What it takes to be a session legend with Gail Ann Dorsey

[Music] guys we are here with the legendary you are a legendary Galen Dorsey here in New York she’s being cool enough to come along and bring your awesome bass as well which I’ll be asking you all about it steeped in history I’ve seen in like a ton of times I don’t be an internet stalking you and but obviously you know you played with a slew of artists yes I believe so I’m just checking right yes Lou of artists but how did you actually get into this racket in the first place well I’m one of those people that was played something else and and picked up the bass so that I could work I’ve heard that story many times now when I was a teenager in the 70s and I was playing I was a guitar player I love guitar guitars my favorite instrument oh yeah absolutely very much so and I was trying to get work I was 14 and I was trying to get work in the summer that wasn’t McDonald’s or flipping burgers or whatever and and I I went to the local music store they used to have little three by five cards on the board and the local music stores when there were local music stores in Philadelphia where I grew up and they people would write on the car what they need guitar and yeah and I noticed that every I would say 90% of that board said guitar player seeks either a drummer or a bass player and sometimes a keyboard player but mostly a bass player yeah and so I just thought I’m gonna have to play the bass because everybody’s a guitar player and they they’re looking for other people to play for them so typical of guitar players so anyway so I decided to play that I I I saw a phone number that looked like it was in my neighborhood cuz I’m a kid I’m fourteen you notice I can’t I don’t want to be going to some strange places on my own and I I called this number and it was four top forty works in the summer playing you know birthday parties and what weddings and and said Rolling Stones Bowie Queen like all the bands that I liked at the time so I took that number and I my sister my older sister’s girlfriend had a boyfriend who played the bass and he had a Rickenbacker I’ll never forget like a burgundy one and I I went and I asked her could I borrow her boyfriend’s bass and go to the audition my mother said to me if you get the job I’ll buy you a bass we didn’t have a lot of money or anything so I already had my guitar and so I said okay and I borrowed the space and I went to the audition and I got the job and then my mother bought me an Epiphone bass which I think I’m on my Facebook page there’s a photo of me with my 70s afro and this old home base which I don’t know anymore I gave it away when I went to college because I wasn’t thinking I wasn’t thinking that far about so and I thought oh I’m gonna just go back to playing guitar anyway but I didn’t was it just a stopgap yeah we just like it was yeah yeah and you know and I didn’t even take it that seriously you know I just thought okay I can do it it seemed obviously I could do it I got the job and then I got a little better at it and then I got my own bass and but I was still really my head was in guitar and and filmmaking and just other stuff singing as well more from my siblings yeah my they don’t they don’t play well might one of my brothers still plays he’s I’m the youngest of five kids so I was the baby and I was like the surprise baby too because I’m like seven years behind and then they get older and older so I was yes I was I was indeed but you know my mother did not regret it but yeah so my they just had brought all these great reckless into the house and one and one of my older brothers look played the coal goes and he played a little bit of bass a little bit and and I took clarinet in school which no I can actually can read the music on the clarinet but I can’t transfer that because I just can’t do the same thing but so I you know I just kind of learned by you know a lot of lot of kids played music in the neighborhood you know there’s a little kid across the street played drums two doors down there was a kid on a bit like there was just a thriving growing up in Philly and Philly he had the Philly sound was at its peak at that point and you know a friend of a friend new Sister Sledge Aaliyah so there were all these different you know Philly that that just music was just sort of part of my life since I can remember when you when you got my gig as well did you start learning you have to learn the bass yeah excited learning yeah learning rolling stones and you know this would have been 1976 so what was out then was was Ziggy Ziggy Stardust we used to play Rolling Stones Gimme Shelter all that kind of stuff probably some whoo things oh I know I remember doing and then I started singing I remember I had to sing Elvin Bishop that was that was like that one of the top 40 songs I sing and play that at the base I had a basement 50 amp did you ever go back like when did you when did you side oh yeah I feel like this bass thing or was it I didn’t really think I didn’t think about that until like the years later when I moved to London when I was 20 1920 make music I was trying to get a record deal I was living in New York City before that and I had been writing some songs on my little four track and so the bass at that point was just something I used when I was writing my songs so you played a key to music I’m gonna be a musician absolutely absolutely absurd you have got to college to do anything else I went to college to be a filmmaker yeah did he finish no I did I went to LA actually Valencia California a school called California Institute of the Arts which had different kinds of animation it was a school owned by Walt Disney yeah yeah but it had all these different you know theatres and music and and live-action film which was what I studied regular filmmaking animation not regular but non-animated and i did like three semesters there and realized that I did not have the temperament to be a filmmaker I might have had the skills I had a full scholarship to go I had was making super 8 movies all the while I was doing music and I got a full scholarship but film people were so cruel there the world the most well in my experience in my oh they would they would do anything to get their movie made they were mean they were horrible people I just and I was terrified I was like 17 18 ha ha ha you know I was 17 years old or 18 years I was like a kid and there was and I was the only female in my class oh you are so put it so and this was 1980 yeah so now would be a whole different story yeah loads I’m just I could bet on it that there’d be loads of women in film schools now all over the world back then and so that’s why I was like they were horrible to me Oh horrible they just I didn’t exist Jesus kind of objectify those I was interested in screenwriting anyway more than anything and I thought I can do this without going to film school I can be a you know in a cottage and you know Cape Cod or something so I just think I’m that I was like you know no films not from New York then I came to New York City and was full-time music hold on writing songs using the base to do that you know I had this Kramer Bay I bought a bass that Manny’s which no longer exists here in New York it’s been gone a long time I bought this bass called the Duke by Kramer Kramer bass it looks like a Steinberg oh yeah and you know and I used that on my for track demos and everything and then I I had a bunch of songs and I wanted to you know I was going around in New York and my music that I write is not really like kind of urban music it’s not like R&B or really what they would call black music or whatever they call it and I was having trouble in this country getting people to like get it yeah you know so I went I had an opportunity to go to England I had a friend from college who was from London from Finchley and I went and hung out there for a while and and took my music and there was better response for it in the usual way so I ended up staying you know because I think in Europe and still to this day I think in Europe and-and-and the UK and other parts of the world artists who are not white or like like a whatever whatever whatever your ethnic background if it doesn’t you know fit with a particular kind of music it doesn’t matter I guess people just like the music whether you’re Indian or you’re black or you’re white or you you know this is what you do I love that song you know I don’t care if they’re whatever Aborigine it could be anything yeah but in the States it was very much about how they were going to market it okay and if you were on the cover and then people put it on and it was you were a black woman and it was rock or it was it would be like they can’t would that and I couldn’t you know so that’s why I went to the UK and and and I and it was right place at the right time and I I started taking my music around and you know I’m playing with other bands there in the UK and playing in pubs and things like that and and eventually just met all the right people who do you think was the first kind of like I don’t want to call it a step into sounds awful doesn’t it but who is that first person that you met that could you know he is now deceased he’s a very famous British jazz drummer his name’s John Stephens he has a son named Richie Stevens who’s the drummer in London Richie is real into funk he’s a great funk John incredible like like funk soul drummer John Stephens was running a program called the Jack London jazz center I think it was called the joy I forget the name of a now and but he he hired me to be a part of this this this thing he’d started the office I think was in Covent Garden but we it was a group of musicians Courtney pine was in this like he was one of the people that was hired at the same time as myself and we went around to different community centers all around London different areas hackneyed you know and taught what John called the rhythm tree it was like this jazz in profit and I’m not a jazz person I was learning things about jazz I didn’t know much about jazz you know I’d like to listen to it but it wasn’t something I felt that I was capable of playing or knowledgeable enough to attempt to play very well so John was teaching this thing though it was like we would go around to these centres and we would give out instruments we have tambourine or trumpet like we just let this big box full of stuff to make noise with and then we would get people from the community you know young young Oh whoever wanted to come was was came to this come join in and he would teach like what he called the rhythm tree and we would make these symphonies with these with the with the community group of people by I’m trying to remember how the rhythm tree goes basically it’s learning the patterns of rhythm when you say that when you do say that to against you know you oh but there’s a way you build it up like Houston there was a little diagram he would show and he would give everybody like a number you’re a two or you’re a six and this beat and you’re and we would go around and every time and he would count this thing and all the sixes would go bang on their tambourine or make a noise on the trumpet or just do that they didn’t have to have the skill they just needed to make the sound yeah so it was like this like this avant-garde like symphony of cacophony of like madness but with this weird rhythm like kind of mix hold it all together yeah yeah but it so it was making it was making something happen but it was like it was so cool so I was like my first but what came from that why I say John Stevenson God rest his soul and he was a great guy the second thing that he got me two very special things one was my first job with anybody really big which was singing in the Charlie Watts big band okay yeah we did I did the very first shows that he ever did because John Stephens was was a friend of Charlie Watts because they were big jazz drummer friends John was in the show as well they were the three drummers up there and so I was in that band as the singer because he knew I could sing as well I didn’t play basin and then he introduced me to his son Ritchie and Ritchie at the time had a band called well-read with with him and another guy another black guy in London and they had just got this big record deal on Virgin Records it was kind of R&B like Fox and so he said you need to meet my son where this is the work the same age and everything he was like you should meet my son and he’s got this band and then so I meet Richie and Richie says we got this big showcase to do for virgin that Rani’s will you play bass in that show and then that I played bass in that show of this really funky stuff which is not hard it’s not my forte but how did you kind of sort of decided that you were a bass player yet Oh were you just – well no at that point I was just a musician I was still trying to get my songs done I was still trying to get bass was still it was just something that I was you know that people were asking me to play yes again it was like it’s like it was out of it was beyond my control you know at that point it was like that’s what people needed yeah but we’re still looking for that place yeah it was still like old so I kept it yeah so I just kind of kept my hand in that I was like okay well that seems to be the thing that I can make a few you know a little bit of money doing I need to keep that base going but it mean meanwhile I’m still writing songs and playing guitar and singing and doing other things so he introduces me to Richie I do the showcase for well read on virgin all the virgin people are at the showcase the record labels so they’re like wow who’s that woman on the bass you know there were hardly any at that time on the base now there’s notes ladies let’s show them how to do it but they so then they were like oh well we want you know then they then virgin started to hire me for sessions that’s how I got the Boy George system was my first recording so anyway was doing some songs on the solo record for Boy George who Richie Stevens played drums for oh yeah so John Stevens I did I credit as the very first link that that just sort of he was the Domino they went yeah I mean good for anybody watching this or listening to this obviously Boy George was a singer club and this in this album I did was his first solo album and I don’t even remember if the tracks I played on even made it onto the record that was something I learned too about the music industry it’s like when I started doing sessions on people’s records you never know if the track you played on it’s gonna actually end up on the record yeah and sometimes and at first you know well for me I would be like oh what happened was it my fault but then I realize you know it’s many factors why record why song doesn’t end up it’s nothing personal usually so yeah so that was kind of how I started and I did that session for Boy George and then then the session scene was there yeah went into this recording studio didn’t go to somebody’s bedroom or somebody’s basement to make a record it was like full-on studio like where we are today with you know pianos and drums and everything Michael you know like like in the movies do you think those first the first things those first couple of gigs was Boy George and and Richard do you think that was like your entrance into the session scene yes and then did you start playing on other people yes virgins started to hire me on their own then they hired me to play for Donny Osmond that was the next thing so I did Donny Osmond then there was some other artists that I don’t remember their names because they never you know they didn’t make it so big but so and then and then I found this I don’t even know how I got that all for that but I was recommended for this band the thrashing doves which is where this bass came from oh really yeah yeah I I got it that was my first tour so I was doing did the Charlie Watts I did some stuff for well-read I did a bunch of stuff for artists at virgin yeah and then I got a call or some kind of connection to this new band that AM was throwing a bunch of money on they would really you know had high hopes for this and and they were great the songs were fantastic I still think they were great songwriters two brothers can and Brian Foreman and they had a band called the thrashing doves which I think was named after a Kerouac poem it was the name of something from some piece of literature and they they needed a rhythm section and they were about to do their first tour in the US which was small clubs some of them were opening for other people but a lot of it was just small clubs and I got hired that was my first tour I ever did in my life Wow yeah we opened we did some shows in England first we opened for Alison Moyet and we open for squeeze a couple of times and some things in Europe and then we went and did our little my first bus tour you know and I didn’t have I still only had that crappy kramer bass well I won’t say it’s crappy it was okay but ahead it’s had its ups and downs so when I was doing these sessions for George and other people I was hiring a stingray I would say to the studio can you hire me a stingray for John Henry or wherever yeah because I knew I loved this bass you know as a kid I’d liked it visually I always thought it was I still think it’s the coolest looking of a it’s great looking this but so I wanted one of my own I was like I’m going on my first tour now I’m really a bass player like I can’t like think that was this well it was because it was something that was like this it was a long period of time I was doing shows every night uncle’s like okay I think this is where I belong and then I start you know you start to note I started it took me a while to kind of fall in love with the instrument it wasn’t like love at first sight like guitar for me was love it but the base was it grew on me you know and so I ended up you know getting this base for the tour which I bought it but they were like no we’ll get it for you as a gift yeah so this is this base which has been with me on every job since since the thrashing doves it has been on every record I’ve ever done every tour I’ve ever done except for like a handful like two or three so it’s been with me on like every journey I always bring it and play it and it’s just it’s like the one thing that’s been the steady companion I’m a super geek right just well we’ve got the opportunity okay like what settings do you know you use because okay I’m really crap when it comes to music man bases interesting I’ve got the jazz thing down and the jazz bassist B bases I always get really confused about the well do they do they’re very different this one is what they what they call this was like an 85 86 model yeah which they had they told me was it’s a passive base but it has active EQ I don’t understand much about technical things so I don’t really know exactly what that means yes I do have a classic stingray V issue now which is just like the three knobs it’s like very very basic and it is definitely not quite as bright as this one can get or there’s a slightly different tone I like in the 80s everything was much brighter on the bass when I first started I usually change yeah very much so I even now that I actually play flat wounds actually most of the time now but this one has always had round wounds and I just kind of keep it that way it’s just kind of look or something good luck it’s just you know it belongs there but I would in the 80s I’d have this this pretty pretty bright like I’d have the bass probably full up the mid scooped out you know that kind of a lot of things in the 80s I played with a pick I don’t have one so it would be that real but but now instantly when I pick up any bass treble completely off maybe maybe a little bit of mid maybe if I need it to bite a little bit and full on bass yeah yeah yeah and I actually you know we were talking about Anthony Jackson earlier and I I met him once at some bass Fair in New York City many years ago and we were talking in the hallway and I think we were talking about Nathan actually and some other bass players and I said something about I think we’re talking about the touch or something on the bass and I play really like salt like I don’t play very hard I work with Lenny Kravitz now and I play much harder because his thing is very you know is that really you got a really like dig and it’s very yeah it’s not the right base for this but I play a jazz bass with him yeah it’s much more suitable to what he’s doing he’s got the he wants that old retro kind of vibe you know some some songs I can do stingray on it but for the most part it’s jazz or P bass was he did he ask you to play jazz this is what does he does he cuz he like obviously he plays bass on his own he got like a really good intuitive vibe for exactly what the sound he he knows exactly what he wants he’s done in a few yeah he’s one of the few artists that you know and and I was talking to Nick earlier like I don’t mind if people want something I want to try and give it to them you know and and and all the like when I’m learning something how someone else played something or what tone they get that’s a challenge for me to find that and give it to them and to me that’s just a learning experience doesn’t mean that’s the way I would play I want to play it yeah but if it works with the song I’m happy I always say serve the song get your out of the way and just serve the song yeah you know and that to me is like just you know I’m happy if I’ve achieved that at the end of the day but I play really light you know and Anthony Jackson was saying to me so though you shouldn’t be worried about that there’s a lot of bass players that have a really light touch but they still have a big can have a big sound yeah so in general I will have full on bass maybe a little bit of mid maybe the mid is centered and boost it a little bit if I need to so right now I’ve got no treble on this the middle is kind of just just boosted over the middle like the myth knotch yeah and then to me that’s the tone and I play softly I don’t really I used to play more with nails even in the 80s everything was so bright when did you when did your change was it it wasn’t sort of like you weren’t like oh it was over a period of time and the song the material that I was asked to play was changing the sound of records was changing you know from the 80s to the 90s there’s a very different tone that was happening with basses guitars and you know then grunge came I was you know then I’ve got more pedals involved and I start having and with Bowie I I had so many different variations of different pedal boards and and lots of different bases to cover his gamut of sounds over the years basis sort of pale ya know from like let’s dance era you know which was again that very bright brighter sounding bass which I used to use my MT DS for yeah and then you know then there’s the old stuff hanging out to yourself Ziggy oh that was I would use of Maryland for that pretty much yeah yeah I have a 59 P bass and and I got that while I was out on tour with David in the late 90s and I did use it on some songs but I didn’t think many Fender didn’t feel to these isn’t it like a pee how did look up with David Bowie like come about it called me on the phone right Dave I was playing with Tears for Fears at the time it was was when Rowland and Kurt had had a split breakup for a short period of time and I had just done a tour with Roland I had sort of take Kurt was the bass player in the band and so I kind of took his place for a little while and then I was going to do another solo album which would have been my third at that time so and Roland was interested in producing it so we were writing together and I was at his house and bath in England I really yeah I was a I was like back was the Peter Gabriel’s down there there I used to see them in the restaurants when we go eat but yeah rolling there’s down there and I think he grew up down there actually him and Kurt and anyway I was at staying at his house for like a month or something we were just writing songs and playing tennis we were both tennis freaks at the time he had a court and I was jealous we write songs and play tennis in the afternoon but I was there working on songs and and literally the phone rang at the house his wife came over to the studio and opened the doors and said David bow he just called on the phone I was in the kitchen you know feeding the baby and like I nearly dropped the kid I was like what and she’s like no he just called he’s gonna call gave him the number he’s gonna call the studio in five minutes I was like and then I thought it was a joke somebody from some one of my mates from London his joke on me so the phone rang I went to pick it up and he was like hello this is David Bowie and I was like who is this and he’s like now love it’s it’s really me and I was like you know I just it took me like about a minute I just didn’t believe it and then I realized god that’s it it’s interesting to know that like these guys are actually still it wasn’t the management company phone no it was him on the phone well he’s he’s a rare bird and that’s in that instance because most times I get a call from someone’s manager was someone something so a friend of someone like like I like Prince asked me to play guitar for him once it’s more not base but guitar yeah and Rhonda called me all right okay pence was wondering if you he’s putting together one of his different group one of his girl groups or something and I said you know I’m not that good on the guitar right now like I’m not ready to to subject myself to Prince but you know so sometimes most people someone else calls on but I’ve know that over the years of knowing David Bowie he always called everybody if he wanted to if he wanted you to do whether you were designing shoes for him or making sunglasses or yeah cuz he call and tell you exactly what he wanted straight up them and what was it was it for an album or photo this was for the tour with Nine Inch Nails he was doing like a double – yeah right in he’s that’s what he said he said he said where are you now and I said well I’m in the studio working on a solo album and I don’t know you know he said well this is only gonna be six weeks we’re doing six weeks in the States with Nine Inch Nails and then you can go back and finish it right there and then 20 years that tour just kept going you know six weeks came and went and then it was like well we’re gonna now we’re gonna do now it’s the you know that now it’s a new album and I said that rollin was like you gotta go how can you be massive at the time wasn’t it it was like it was a huge deal yeah how did it feel getting the call just shocking I mean I just couldn’t believe it I went back to knee I had moved back to New York at that time so when I was at the Ed Rowland’s house I was kind of going back and forth between between New York and there and so I went back home to New York and I just like told all my friends I was like I would say Rowland’s house and Bobby called and I’m gonna do this total you know that was I think it was in May I’m sure I wrote it down in a journal I hope I did do you journal sometimes I have gaps I wish I didn’t but I do have gaps but I have there’s a period of time where I wrote a lot I’m trying to get back into it now started again recently before I’m too old to remember it but I just you know I was just over the moon I was scared to be honest because you know I just people like him and Frank Zappa you know they have this stigma attached to them if you’re well if you were one of their band members you know it’s like a big deal so in my mind it was like I felt like okay I’m a decent bass player but I’m there like I honestly thought in my head I’m never going to be at the level this is like yeah I’m never gonna be at that level to play with the David Bowie’s of the world or the Elton John like that the big artists like to me they were on this level that I was never gonna reach like Tears for Fears for me was amazing that was that’s huge that is huge and actually what I love to service and I loved them too and I have to say that was one of the best bands I ever played that was just and rolling was amazing he’s an amazing songwriter he’s amazing producer I mean the music the music going on in that group is just off the hook and I and in some ways I look looking back on my life I think that was like a like a gift because getting that gig prepared me for Bowie if I had gone to Bowie from whatever I was doing before Tears for Fears which I don’t even remember what it was but just there was something about having just done a tour with them and an album and a bunch of videos yeah I had I had gone up to this other like kind of level where I was ready to jump in to the next night I could good feel for ya but if I didn’t have that education and I still I tell rollin this to this day it’s like you know like I’m so grateful for the time I spent with with that band probably more than any other in a way cuz it was just it was a turning point in my playing in my challenging of myself my ability to sing and play at the same time all these things were getting you know I was getting prepared for what I didn’t know was to come yeah and so I was yeah and then I jumped into that and I was terrified I really you know I had Carlos Alomar Reeves Gabrels Mike Garson all these people whose names I’d read on Bowie records for years and suddenly I’m in the room with them in rehearsal and I’m thinking I can’t you know I was ready I was on the verge of tears like every day because he’s thinking I was going to be asked to play something I just couldn’t play yeah how challenging was it it was very challenging but what was what made it good was that and I think if it was another artist that probably would have been different he was so gracious if he had had a tantrum or was like you know weird about anything like he was so easy about everything he just left you to it yeah so the only pressure was the pressure I was putting on myself like and I think he was very clever about and sometimes I think I wonder if he really does that on purpose in a way it’s like it’s like sometimes the best way to get a result from someone is not to like scream at them or be like you better you know but it but just to just assume that they’re just going to be fine and like what are you worried about yeah and so I just went back to my hotel and I had all the songs we were going to learn and I just I crammed until I fell asleep I probably Marilyn and I were probably just lying on I wake up and on that okay well you just give him up for the first two were you just given like and that first tour was the outside album which was this weird album yeah that had this weird and it had a lot of fretless bass I don’t play for this I didn’t even own one I do now yeah in fact a really nice MTD fretless that Michael Tobias built for me we went he’s my neighbor so I went to the workshop picked out the wood the neck everything and then watched him build it in front of my eyes this beautiful bass I do play it on the on the next day albumen and some of the later Bowie tours it has the fret markings otherwise I can’t scream but so I had to learn you know I got my pedals together so I could recreate the fretless sound and all that kind of stuff you just give us a cassettes to listen to cassettes you’re right and it was cassette command when he couldn’t rewind for a cassette tape remember that and yes yeah I could only fast-forward yet to turn them around fast-forward it and enter background I still have a cassette players in pretty much every room of my house I’ve got bags of cassettes I took my I’m good exactly oh you’ve gotta get one don’t tell me you know now I never let go of any of that stuff ever I’m very old-fashioned in that respect when you when you were given the cassettes were you given like was it the stems you were given so you could listen to the many works Lenny works Lenny Kravitz works with like stems wouldn’t when I’m learning new stuff from him he was he has tracks where he has the bass on the left and then the rest of the track on the right and so if I can put it in my laptop or whatever and make the balance figure and then I can put it all the way over to the left or right or whatever and then play along with it so that’s really handy but David would just give you the song you just go and I write out my little bastardize charts that I write out that I can understand that to follow because I was like I can’t make a mistake I’ve got Carlos Alomar is over there like you know I can’t you know I have to do this I have to and I would just study and study and study and be very scared and worried and study and worried and Morse and then God he would change the key sometimes a lot of it was not in the original key so that was hard because I’d learn it off the record and then I have to figure out how to transpose it and I would but then I’d hope that he didn’t tweak it you know another half to step up with him sometimes I would write a chart three different charts for each what just in case he was good so I just studied and studied and you know it I just feel like he knows he really knows who he’s hiring yeah and I’ve noticed that all across the board from like who’s doing close or who’s doing lights or whatever he knows he has researched what your skills are probably better than you like a fool he knows exactly yeah he’s not relying on management companies to go and do it for it oh not at all not at all they have nothing to do the all they do is you know sort out the logistics of things they’d have nothing to do with it the creativity and no because if I sing good like kind of in like a singular vision of what he wanted he knows exactly he always knew from the ground up you know from what you’re gonna wear to what just everything he was the ultimate artists in a just unbelievable and how long were the rehearsals for did you have like did you really yeah two or three months and we and he worked at a very normal like kind of paste like you you could plan your life around it and do think he would be we were he lived here in New York City we worked in New York City all the time and we would do Monday through Friday maybe a Saturday maybe from like 10 o’clock to 6 o’clock so it wasn’t like crazy yeah yeah no crazy go home to his family’s like us going home to dinner now yeah and so you know he might come like we would get in or you know I would sometimes come in at 9:00 and I would program my pedals for the songs or just test out stuff and people bringing amps in and gear and so there would be like this morning that where we would have time all of us would have time to noodle and screw with our gear and mess with amps and whatnot and then he would maybe come in at about 11:30 or so and start singing sort of I didn’t your thing was like a musical director for the was it kind of like a guy that was like no he had there was a he always had a musical director someone in the band had that role yeah Jerry Leonard did it there was a guy named Peter Schwartz was the first one on the first two I ever did who else was doing it I can’t remember now but the walls always said there was someone who yeah who would organize us who would say okay this is what songs David’s called me last night these are the songs he wants to do today so that that one person would organize the day’s rehearsals so we knew that when he arrived this is what he would want to sing today or work on or what have you so what about with Lenny Kravitz is it I could seem like how to deal with Lenny no rock and roll no Craig Ross is okay yeah but his work ethic is very different it’s rock and roll it’s like it’s 11 o’clock at night let’s keep going I feel like playing now it’s a hang it’s like it could be it could go till 3:00 in the morning it could be an hour that day it could be six hours that is it’s very up in the air yeah sadly the bassist actually that that I was just playing the bass line here a little while ago on are you gonna go my way yeah what he was ill his bass player Tony bright was playing bass with him I think and he had some issues he wasn’t he wasn’t well and it’s a very odd story because I was my mother passed away in 2011 and I was in Philadelphia and it was the day before her funeral the day before we put her in the ground yeah and I was like that it would had been a week of like she was sick and then she finally went to speak you know so I was just like stressed out I just come off of a tour with Olivia newton-john I was like jet Li I was in Australia and I I’m in a Starbucks I can remember so clearly on Walnut Street in Philly and my phone rings and it’s Craig Ross who recently had just done an album with an artist called IO Craig Craig and I just done her album in New York City in that like October or something and this was June and so Craig cause I’m like hey Craig what’s up you know he’s like we need a bass player would fulfill any like we’re just about to do a tour and like our bass player can’t can’t do it at the last minute and we wondered if he’d be up for it I was like yeah I’d love to like you know I’m I’m burying my mom yeah can I get back to you like in a couple weeks or something he was like no we need you now like like how soon can you get sorry so I think about that and I was like well let me deal with what I got at least give me like two or three days yeah deal with this and then I’ll get down to Miami they were rehearsing in Miami and so sure enough I buried my mom and about three days later I got on a plane to Miami and I’ve been with them ever since give it any material to learn before you are down there no I went down and then that was like a crania usually I’m you know I’d listen to the records or whatever but I kind of had to learn this stuff on the spot you know like you know so I knew his songs I knew yeah but but he really wanted them played like him and he wanted the sounds you know so that was a challenge because I was I just you know obviously my head was it’s reeling from having just lost my mom but yeah but I so I was like okay I just got to figure out this situation and it took a while and then we went through a bunch of different bases because I brought my bases down but they weren’t the right tone and so the bass I played with landing is a 61 jazz bass which is his it’s not mine yeah we put it was purchased for me to play on the road because a lot of his really amazing bases I’m een just racks and racks and racks of but the little the the old basis that he had down in the Bahamas where his studio is where he doesn’t take them out on though they’re just too old and you know valuable yeah so we had to get one for me that was gonna be go out in road and I still play that one it’s that beautiful bass so I have to say 61 one year older than me Oh 61 jazz and swipe I know the tortoiseshell rosewood neck just spectacular tone you can’t you know they brought in about 4 different ones I’ve chose a jazz bass with him because I wanted to have the more narrow neck for more he’s got slapping stuff and stuff which I don’t do that much anymore but mm so I preferred that to the P bass yeah and and it’s a great day so that’s what I play this what’s your favorite Lennie what favorite letter to you favorite Lennie – yeah it’s example it’s actually one of the slow ones who’s that song called believe oh yeah yeah it’s a Kraken – oh that’s a pretty turned [Music] I’m yours you and me better job if you want you got to believe you he’s got all those great fields if you want it you got to believe if you want it you got it you just got to believe believe in yourself cuz it’s all just a game we just want to be loved I love that song it’s about that rocket yeah I’m a melody you know some of the funky stuff is like I think I enjoyed playing that more when I was younger you know yeah but it’s not but I it’s it keeps me on my toes do you play live it’s good what shall be mr. Don I’ve got no idea I’m gonna play after this engine okay yeah it’s really I have to say there’s a lot of things and there’s a new album coming I haven’t even heard it yet I will soon because we’re starting rehearsals and everything he plays bass and drums on all he’s that because of his writing style did you just kind of sort of like immerse himself it’s that yeah yeah he works for you you know he’d love he’s a studio rat – it’s like he doesn’t really like touring very much I don’t think I mean enjoys are good when you have a good night you’ll get in that studio he won’t want to come out no matter what like the studio lifestyle is like the thing isn’t it and then that there’s that control that he has in the studio that’s hard to have life you have to relinquish a certain amount of that control than he hates it let’s go a few next anyway open the tour you’ve got your I don’t think well yeah that’s gonna be a little late I feel really bad I’ve been promising a new album for so long now and I’m I was so close and then I just got the call a couple of weeks ago that our rehearsals are gonna start soon for Lennie so I’m not quite ready and that’s going to take me out for at least six or seven months now yeah but when that is done I will be right back in the studio finishing up my album some people came I only have only on Facebook I have a Facebook I don’t have you can go to Gale and Dorsey calm and as to ends with noe and I and it will take you to my Facebook page which I post whatever I’m doing and you can send me messages or whatever I just started Instagram like last year seems cool getting into it yeah I haven’t done many posts but it’s it my friends tell me you have a lot of followers for you don’t ever do anything I don’t know I it’s all too much for me how to play my instrument but you know every now and then I’m inspired to but I on this tour I’m gonna be really much more active on Instagram I’m gonna do it I’ve made a vow to not be an old fuddy duddy my dad’s a massive fat I’m gonna call it appreciate that’s nice to meet you too you know I go on to your site and I learn some things and and thank you know I do and I and thank you for doing that you know thank you for being there for the bass community and just four musicians in general yes thank you it’s a wonderful thing you offer so guys gerund or Z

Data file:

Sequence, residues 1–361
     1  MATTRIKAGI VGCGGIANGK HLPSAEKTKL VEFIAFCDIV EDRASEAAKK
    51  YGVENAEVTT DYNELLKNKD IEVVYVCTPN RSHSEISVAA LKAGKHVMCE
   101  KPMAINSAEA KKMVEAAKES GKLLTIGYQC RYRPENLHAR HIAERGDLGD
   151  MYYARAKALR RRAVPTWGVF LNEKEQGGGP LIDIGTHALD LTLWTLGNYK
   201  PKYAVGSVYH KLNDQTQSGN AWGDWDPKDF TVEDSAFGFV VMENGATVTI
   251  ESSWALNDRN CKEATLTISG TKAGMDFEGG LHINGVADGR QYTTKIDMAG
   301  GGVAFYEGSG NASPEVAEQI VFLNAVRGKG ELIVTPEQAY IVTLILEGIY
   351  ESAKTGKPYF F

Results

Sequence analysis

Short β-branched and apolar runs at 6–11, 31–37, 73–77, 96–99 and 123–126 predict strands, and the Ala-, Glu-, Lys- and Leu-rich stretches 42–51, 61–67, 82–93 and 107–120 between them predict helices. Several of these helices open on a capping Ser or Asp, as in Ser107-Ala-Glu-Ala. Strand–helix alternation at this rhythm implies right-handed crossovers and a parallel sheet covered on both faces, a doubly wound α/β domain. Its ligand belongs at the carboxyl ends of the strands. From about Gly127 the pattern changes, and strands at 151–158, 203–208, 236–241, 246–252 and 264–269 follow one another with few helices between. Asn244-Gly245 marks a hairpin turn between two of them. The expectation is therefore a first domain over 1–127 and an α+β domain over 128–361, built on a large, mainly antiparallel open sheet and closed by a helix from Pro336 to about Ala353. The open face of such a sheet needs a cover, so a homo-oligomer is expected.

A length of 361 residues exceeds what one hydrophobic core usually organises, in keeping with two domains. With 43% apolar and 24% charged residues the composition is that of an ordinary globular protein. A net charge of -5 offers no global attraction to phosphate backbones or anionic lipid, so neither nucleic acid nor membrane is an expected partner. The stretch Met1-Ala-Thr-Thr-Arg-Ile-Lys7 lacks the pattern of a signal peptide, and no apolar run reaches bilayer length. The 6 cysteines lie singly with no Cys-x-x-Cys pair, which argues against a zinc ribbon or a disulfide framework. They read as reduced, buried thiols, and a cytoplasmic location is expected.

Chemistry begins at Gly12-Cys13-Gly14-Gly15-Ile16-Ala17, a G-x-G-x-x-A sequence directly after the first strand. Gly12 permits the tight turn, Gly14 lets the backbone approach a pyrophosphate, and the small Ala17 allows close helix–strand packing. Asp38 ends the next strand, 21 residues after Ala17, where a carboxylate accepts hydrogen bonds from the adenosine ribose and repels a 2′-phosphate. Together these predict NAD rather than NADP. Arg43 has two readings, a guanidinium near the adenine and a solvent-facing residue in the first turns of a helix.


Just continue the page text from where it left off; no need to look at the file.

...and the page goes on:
Facebook Chatter